Timothy Egan's latest work of nonfiction makes me reflect on what has changed in the world, particularly since the 1840s, and changed for the better. To get anything from one land to another—whether it be letters, goods or people—used to require a ship and took weeks, if not months, to accomplish. Now we can do the same in a matter of hours. Illnesses that killed millions have been essentially wiped from the planet. It is no exaggeration to suggest science and technology have remade the world a couple times over, all inside of 200 years. But Egan's book makes me realize that for all this technological progress, socially speaking, we have hardly budged.
The subject of The Immortal Irishman is a high-born Irishman named Thomas F. Meagher (pronounced "Mar") who could have lived a life of wealth and leisure. He chose not to because, unlike his father, he wasn't willing to submit to English authority. Instead, he became the leader of an Irish revolutionary group called the Young Irelanders, who staged an unsuccessful rebellion against England in 1848. He dodged a death sentence for sedition but was exiled—or, in the euphemism of the day, "transported" to live on Van Dieman's Land, what is now called Tasmania. He later escaped by ship and made his way to New York City, where he began a new, high-profile existence. He packed a lot of life into his short 43 years before disappearing off the deck of a steamboat on the Missouri River in 1867.
Montanans may know some of this story, depending on how long it's been since their last Montana history class. During the American Civil War, Meagher ended up out West and, for his efforts leading the Irish Brigade as a brigadier general on behalf of the North, he was appointed the acting governor of the Montana Territory. (He is the subject of a statue in Helena.) As acting governor, Egan suggests, as do other theorists, Meagher's efforts against vigilantes opposed to immigration led to his demise—a murder rather than a mere disappearance.
I've been a fan of Egan's brand of in-depth narrative nonfiction since his 1990 debut, The Good Rain. His book about the American Dust Bowl, The Worst Hard Time, won a National Book Award. His two subsequent books, The Big Burn and Short Nights of the Shadow Catcher, have been bestsellers. His new book holds its own as a page-turner and deals with issues of race, class and immigration—topics he tackled as a contributor to The New York Times' 2001 Pulitzer Prize-winning series on race in America.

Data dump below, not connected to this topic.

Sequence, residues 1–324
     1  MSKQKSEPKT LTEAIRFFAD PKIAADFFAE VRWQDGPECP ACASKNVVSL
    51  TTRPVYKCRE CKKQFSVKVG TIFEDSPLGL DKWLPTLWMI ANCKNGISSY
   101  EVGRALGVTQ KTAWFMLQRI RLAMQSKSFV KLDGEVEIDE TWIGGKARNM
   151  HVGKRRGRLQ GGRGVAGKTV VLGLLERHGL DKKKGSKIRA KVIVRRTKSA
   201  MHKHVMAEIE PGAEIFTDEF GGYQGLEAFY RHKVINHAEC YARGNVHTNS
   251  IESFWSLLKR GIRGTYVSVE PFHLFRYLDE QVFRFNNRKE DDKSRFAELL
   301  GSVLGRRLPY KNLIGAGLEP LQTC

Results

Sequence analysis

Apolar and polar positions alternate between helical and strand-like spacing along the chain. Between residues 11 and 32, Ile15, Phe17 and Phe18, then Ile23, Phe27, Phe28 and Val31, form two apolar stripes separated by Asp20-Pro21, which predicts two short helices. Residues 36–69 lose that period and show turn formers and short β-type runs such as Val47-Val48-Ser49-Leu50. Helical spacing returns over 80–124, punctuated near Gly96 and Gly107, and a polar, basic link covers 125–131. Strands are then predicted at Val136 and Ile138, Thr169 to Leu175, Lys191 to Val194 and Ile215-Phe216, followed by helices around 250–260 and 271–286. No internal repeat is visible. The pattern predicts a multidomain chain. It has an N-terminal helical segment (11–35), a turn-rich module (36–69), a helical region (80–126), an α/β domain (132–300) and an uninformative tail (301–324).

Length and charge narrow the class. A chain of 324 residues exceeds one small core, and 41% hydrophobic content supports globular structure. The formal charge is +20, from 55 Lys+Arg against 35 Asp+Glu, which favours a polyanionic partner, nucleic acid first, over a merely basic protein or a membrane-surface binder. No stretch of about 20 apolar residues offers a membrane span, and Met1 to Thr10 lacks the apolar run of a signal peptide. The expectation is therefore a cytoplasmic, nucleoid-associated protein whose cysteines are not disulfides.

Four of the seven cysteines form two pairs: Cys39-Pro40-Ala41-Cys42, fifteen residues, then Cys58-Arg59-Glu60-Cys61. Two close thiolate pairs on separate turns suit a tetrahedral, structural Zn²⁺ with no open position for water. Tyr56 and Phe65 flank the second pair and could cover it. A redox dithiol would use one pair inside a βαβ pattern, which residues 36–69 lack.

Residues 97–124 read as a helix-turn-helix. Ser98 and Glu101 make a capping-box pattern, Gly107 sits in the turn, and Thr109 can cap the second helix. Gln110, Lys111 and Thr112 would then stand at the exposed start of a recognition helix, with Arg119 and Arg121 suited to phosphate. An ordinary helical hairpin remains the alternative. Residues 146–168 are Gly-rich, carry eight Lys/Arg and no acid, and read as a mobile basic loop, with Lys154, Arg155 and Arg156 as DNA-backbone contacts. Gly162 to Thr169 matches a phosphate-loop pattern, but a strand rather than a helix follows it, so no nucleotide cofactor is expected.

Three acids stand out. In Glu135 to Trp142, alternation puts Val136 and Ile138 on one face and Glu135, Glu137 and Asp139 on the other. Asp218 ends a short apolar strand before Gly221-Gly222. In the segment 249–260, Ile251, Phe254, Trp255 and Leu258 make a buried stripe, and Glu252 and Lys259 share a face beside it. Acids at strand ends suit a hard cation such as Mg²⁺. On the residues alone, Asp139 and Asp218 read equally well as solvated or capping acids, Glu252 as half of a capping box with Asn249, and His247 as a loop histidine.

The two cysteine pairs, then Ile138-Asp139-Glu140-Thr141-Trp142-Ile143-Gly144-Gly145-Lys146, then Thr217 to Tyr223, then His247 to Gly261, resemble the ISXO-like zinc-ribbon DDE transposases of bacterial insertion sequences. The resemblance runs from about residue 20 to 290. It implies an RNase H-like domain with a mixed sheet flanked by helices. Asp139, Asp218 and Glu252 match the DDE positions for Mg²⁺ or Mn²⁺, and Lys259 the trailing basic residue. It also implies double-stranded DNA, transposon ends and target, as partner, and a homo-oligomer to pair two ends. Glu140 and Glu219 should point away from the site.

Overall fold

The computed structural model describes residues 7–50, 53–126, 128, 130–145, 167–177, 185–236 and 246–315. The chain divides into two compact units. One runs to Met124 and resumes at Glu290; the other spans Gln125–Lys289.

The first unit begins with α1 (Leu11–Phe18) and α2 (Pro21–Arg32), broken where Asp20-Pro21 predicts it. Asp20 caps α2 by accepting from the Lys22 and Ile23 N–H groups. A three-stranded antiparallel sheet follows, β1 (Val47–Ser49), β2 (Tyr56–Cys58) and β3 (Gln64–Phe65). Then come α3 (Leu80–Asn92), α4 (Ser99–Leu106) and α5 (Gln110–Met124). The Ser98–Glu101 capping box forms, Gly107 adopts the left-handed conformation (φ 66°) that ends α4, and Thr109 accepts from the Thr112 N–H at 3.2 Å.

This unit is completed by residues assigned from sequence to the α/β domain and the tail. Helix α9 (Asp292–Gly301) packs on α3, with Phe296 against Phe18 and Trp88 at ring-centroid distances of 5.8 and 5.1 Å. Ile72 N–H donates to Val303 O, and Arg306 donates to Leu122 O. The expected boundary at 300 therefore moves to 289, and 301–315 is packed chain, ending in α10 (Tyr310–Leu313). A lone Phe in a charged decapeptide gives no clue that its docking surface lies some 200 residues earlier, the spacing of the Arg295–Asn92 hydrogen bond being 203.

I wasn't 10 percent into The Immortal Irishman before I was aghast at how the Irish have fared under English rule. I knew they were oppressed, but I didn't know know. Egan's reporting is extensive and moving in its details: the rights they didn't have in their own country, their treatment as kind of subhumans, the fact that as millions were starving during their potato famine they were being forced under English guard to export record amounts of food. Of course, that oppression led to the Irish becoming less poor immigrants and more embattled refugees. The English blamed the Irish's poverty on their own lack of character, unwillingness to work and sense of entitlement.
This is the stuff that outraged Meagher and made him choose exile over submission. When he arrived in New York, he found a city—and a nation—deeply racist and loudly and vigorously opposed to immigration. His Irish brothers and sisters were packed into the most squalid part of the city. A public figure embraced as a savior by the large Irish American community, Meagher's arch enemies became the Know-Nothing Party, a political group whose virulent positions echo in the voices of today's Tea Party extremists. When it comes to right wing media in 21st century America, there is little difference between the rhetoric toward the poor and immigrants now from what it was in the 1850s.
The common thread that binds The Immortal Irishman's three sections is Meagher's lifelong battle against that hatred he found everywhere he went. It was in Ireland and England, and even among the lowest of the castoffs in Australia, where they shot Aborigines for sport. He found it in America, where then, as is the case now, pursuit of individual wealth reigned supreme. And he found it on the Western frontier, where he ultimately died. In telling Meagher's story, Egan is also delivering a cautionary tale for today's America—one that should help us reflect on what kind of people we really want to be.
Timothy Egan reads from The Immortal Irishman at Imagine Nation Brewing Wed., April 20, at 6:30 PM.